Yesterday afternoon I got an especially funny review pitch e-mail, which I posted about on Twitter:
Normally I wouldn’t bother to point this out because I know that I’ve been on the wrong side of a silly mail merge, but this one actually made me laugh. And I got quite a few funny responses from my Twitter followers, including whether I’d rather be “Dear Dorkiness,” or “Your Dorkiness” or even “Ms. Dorkiness.” Book people have a sense of humor.
More seriously, the whole blogging and publishing space is new for everyone, so it’s inevitable that there will be missteps and mistakes. But getting a bad pitch often reminds me of just how many publishers and publicists are doing a great job of working and interacting with bloggers.
To get back some karma after pointing out a negative, here’s a not-at-all-comprehensive list of a few people and organizations that I’ve seen doing good things to connect online.
Peachtree Publishers is one publisher I think is doing a lot to bridge the gap between bloggers and publishers/publicists.They’ve written a few great posts you should read and then bookmark for future reference:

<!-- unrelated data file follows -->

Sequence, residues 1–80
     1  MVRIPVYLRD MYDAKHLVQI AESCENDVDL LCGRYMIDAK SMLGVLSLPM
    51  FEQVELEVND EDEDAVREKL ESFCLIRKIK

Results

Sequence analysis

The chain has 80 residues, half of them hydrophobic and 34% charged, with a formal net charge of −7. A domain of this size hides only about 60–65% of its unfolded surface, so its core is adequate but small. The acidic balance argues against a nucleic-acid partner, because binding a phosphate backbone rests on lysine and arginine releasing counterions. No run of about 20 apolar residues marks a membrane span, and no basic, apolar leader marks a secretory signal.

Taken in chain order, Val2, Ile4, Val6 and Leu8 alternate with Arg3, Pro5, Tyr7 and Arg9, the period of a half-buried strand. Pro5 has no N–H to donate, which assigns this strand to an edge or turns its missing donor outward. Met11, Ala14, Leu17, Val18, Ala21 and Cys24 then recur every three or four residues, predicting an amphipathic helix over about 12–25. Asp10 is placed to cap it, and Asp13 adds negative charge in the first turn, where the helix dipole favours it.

- Everything I Needed to Know, I Learned from Bloggers, a guide of do’s and don’ts for publicists trying to work with bloggers.
- Yes, We Do Read Your Review Policies, which talks about some of the things they look for when considering bloggers to work with.
- #DearPublisher … an Introduction, which is a sample pitch e-mail bloggers can use when contacting a publisher/publicists for the first time.
Harper Perennial is another great example. Their blog, The Olive Reader, includes great personal reviews and recommendations. And Erica, their designated Tweeter, has made the @HarperPerennial Twitter feed fun to follow.
Lindsay Rudnickas is the Digital Concierge for NetGalley, and she does a great job connecting readers and publishers. She retweets NetGalley reviews, writes informative weekly e-mails, and has as active Facebook presence.
NetGalley also sponsors the blog Follow the Reader, which hosts weekly Twitter chats (#followreader) on book and publishing related issues. I’ve participated a few times, and always found bloggers welcome in the discussion.
As a blogger, all of these people have made it easy, fun, and not intimidating to participate in book industry discussions and feel like my voice is heard. That’s something I know I really appreciate.
As I said, this isn’t nearly a complete list. I’d love to hear from other bloggers and book industry people – who else is doing a great job connecting online?